I think my favorite subject matter is all in the Missouri Botanical Garden. If I didn’t have other responsibilities, I would literally set up camp there, and paint morning noon and night! One late May evening, I was strolling through here prior to the Whitaker music festival. When I walked through the Japanese garden by the crooked bridge, I was struck by the way the setting sun hit the tops of the trees in the background, and the way it reflected off the water. What a perfect place to sit and relax.
This is so true! I have had personal experience of this myself. It is very painful to be shunned in the place that is supposed to be your spiritual family.
And he said, “Go, and say to this people: “‘Keep on hearing, but do not understand; keep on seeing, but do not perceive.’ Make the heart of this people dull, and their ears heavy, and blind their eyes; lest they see with their eyes, and hear with their ears, and understand with their hearts, and turn and be healed.” (Isaiah 6:9-10)
Willful blindness leads to further darkness. When human beings refuse to acknowledge and give thanks to God, He steps back (Romans 1). The darkness increases because God is Light. Christians are no exception. When God’s people close their eyes to the light of God’s truth in His Word, they too can expect darkness to overshadow them.
Literally everyday, and I say this with no exaggeration of the facts, I read or see or hear real life examples of professing Christians (are they Christians at all??) willfully choosing ignorance and…
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John 4:7-18 A woman from Samaria came to draw water. Jesus said to her, “Give me a drink.” (8) (For his disciples had gone away into the city to buy food.) (9) The Samaritan woman said to him, “How is it that you, a Jew, ask for a drink from me, a woman of Samaria?” (For Jews have no dealings with Samaritans.) (10) Jesus answered her, “If you knew the gift of God, and who it is that is saying to you, ‘Give me a drink,’ you would have asked him, and he would have given you living water.” (11) The woman said to him, “Sir, you have nothing to draw water with, and the well is deep. Where do you get that living water? (12) Are you greater than our father Jacob? He gave us the well and drank from it himself, as did his sons and his livestock.”…
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This post is true. I’ve experienced these things myself in several churches.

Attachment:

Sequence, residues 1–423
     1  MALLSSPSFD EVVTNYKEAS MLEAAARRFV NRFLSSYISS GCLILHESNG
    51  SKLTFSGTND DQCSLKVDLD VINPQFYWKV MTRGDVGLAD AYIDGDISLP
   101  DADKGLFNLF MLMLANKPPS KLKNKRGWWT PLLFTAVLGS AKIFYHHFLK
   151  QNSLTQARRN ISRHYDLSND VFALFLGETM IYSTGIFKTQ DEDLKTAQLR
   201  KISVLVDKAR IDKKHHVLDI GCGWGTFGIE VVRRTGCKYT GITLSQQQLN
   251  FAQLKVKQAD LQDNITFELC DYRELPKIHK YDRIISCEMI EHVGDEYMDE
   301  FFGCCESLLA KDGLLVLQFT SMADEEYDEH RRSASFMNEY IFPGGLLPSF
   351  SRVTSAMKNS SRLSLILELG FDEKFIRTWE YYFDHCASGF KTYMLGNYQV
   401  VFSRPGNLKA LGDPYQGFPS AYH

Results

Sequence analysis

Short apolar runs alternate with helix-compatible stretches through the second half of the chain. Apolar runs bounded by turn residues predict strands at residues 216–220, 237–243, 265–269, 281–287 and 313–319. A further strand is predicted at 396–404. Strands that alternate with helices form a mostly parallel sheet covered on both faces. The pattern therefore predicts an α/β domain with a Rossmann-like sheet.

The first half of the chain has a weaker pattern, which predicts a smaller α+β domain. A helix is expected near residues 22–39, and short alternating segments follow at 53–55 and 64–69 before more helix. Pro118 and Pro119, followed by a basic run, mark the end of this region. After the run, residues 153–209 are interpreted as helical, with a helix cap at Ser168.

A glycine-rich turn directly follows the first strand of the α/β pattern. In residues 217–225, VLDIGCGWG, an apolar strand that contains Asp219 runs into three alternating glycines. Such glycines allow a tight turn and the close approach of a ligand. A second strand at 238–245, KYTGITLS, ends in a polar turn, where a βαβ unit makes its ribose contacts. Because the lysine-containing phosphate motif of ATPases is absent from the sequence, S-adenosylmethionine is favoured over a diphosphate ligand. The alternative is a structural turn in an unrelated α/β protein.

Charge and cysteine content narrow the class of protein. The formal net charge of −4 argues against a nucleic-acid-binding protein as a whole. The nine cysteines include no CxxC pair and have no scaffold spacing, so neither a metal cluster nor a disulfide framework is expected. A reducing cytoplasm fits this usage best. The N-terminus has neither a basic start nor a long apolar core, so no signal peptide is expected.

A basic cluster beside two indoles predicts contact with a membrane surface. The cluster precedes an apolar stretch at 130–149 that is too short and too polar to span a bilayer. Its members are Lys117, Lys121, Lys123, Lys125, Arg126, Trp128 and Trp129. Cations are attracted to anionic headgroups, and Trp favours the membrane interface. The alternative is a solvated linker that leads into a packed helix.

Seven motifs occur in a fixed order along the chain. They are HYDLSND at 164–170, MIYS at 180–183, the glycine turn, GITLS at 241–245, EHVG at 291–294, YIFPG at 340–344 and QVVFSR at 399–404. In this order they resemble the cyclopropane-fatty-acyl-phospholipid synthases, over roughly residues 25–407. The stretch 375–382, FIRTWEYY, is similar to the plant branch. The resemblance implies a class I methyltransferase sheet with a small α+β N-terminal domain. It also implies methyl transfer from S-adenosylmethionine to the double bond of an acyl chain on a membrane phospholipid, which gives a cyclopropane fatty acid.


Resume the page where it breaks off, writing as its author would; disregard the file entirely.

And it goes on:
But understand this, that in the last days there will come times of difficulty. For people will be lovers of self, lovers of money, proud, arrogant, abusive, disobedient to their parents, ungrateful, unholy, heartless, unappeasable, slanderous, without self-control, brutal, not loving good, treacherous, reckless, swollen with conceit, lovers of pleasure rather than lovers of God, having the appearance of godliness, but denying its power. Avoid such people. (2 Timothy 3:1-5)
We have written on this passage of Scripture before but are compelled to call your attention to it again.
Consider the present condition of the visible church as seen in many if not the majority of local churches at this very moment —
- Habitually wicked people are considered to be Christians.
- Pedophiles find easy sanctuary in the pews and even in the pulpits.
- Those oppressed by wolves in wool are further oppressed by church leaders and members when they…
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Maybe it’s because we live in the country and don’t have a proper lawn, but I really like dandelions.
To most (urban/suburban) people focused on keeping that living carpet pristinely green, dandelions are a scourge, a pest, an abomination that need to be trampled upon, plucked out, and sprayed at all costs. And while the hostility is understandable, it’s also a bit sad when we consider we’re talking about a bright yellow flower that covers the hillside in spring with its blooms.
As a bonus, the flowers turn into white puffy rounds that many of us remember, as children, blowing into, oftentimes while making a wish.
Such is the difference between the thought process of an adult and that of a child, and while there are…
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Very true, and hard to find people who will take the time to do this.
is so close to being loved
that for the average person,
they are almost indistinguishable.”
― David Augsburger
The other day, a spiritual abuse survivor and friend I met last year in Moscow, Idaho, posted the following quote by Dr. Diane Langberg on her Facebook wall. Please read it slowly and carefully. Knowing and understanding this could be the very gift you use to help propel a survivor in a positive direction towards healing.
One characteristic of dealing with survivors of trauma is the repetitious nature of that work. Survivors will say the same things over and over—“How could my father do that to me . . .” They will be repetitious in dealing with their emotions—“I am so angry that . . .” And they will repeat their losses again and again—“I cannot believe so-and-so is dead . . .”
Expect it, and learn to sit with it…
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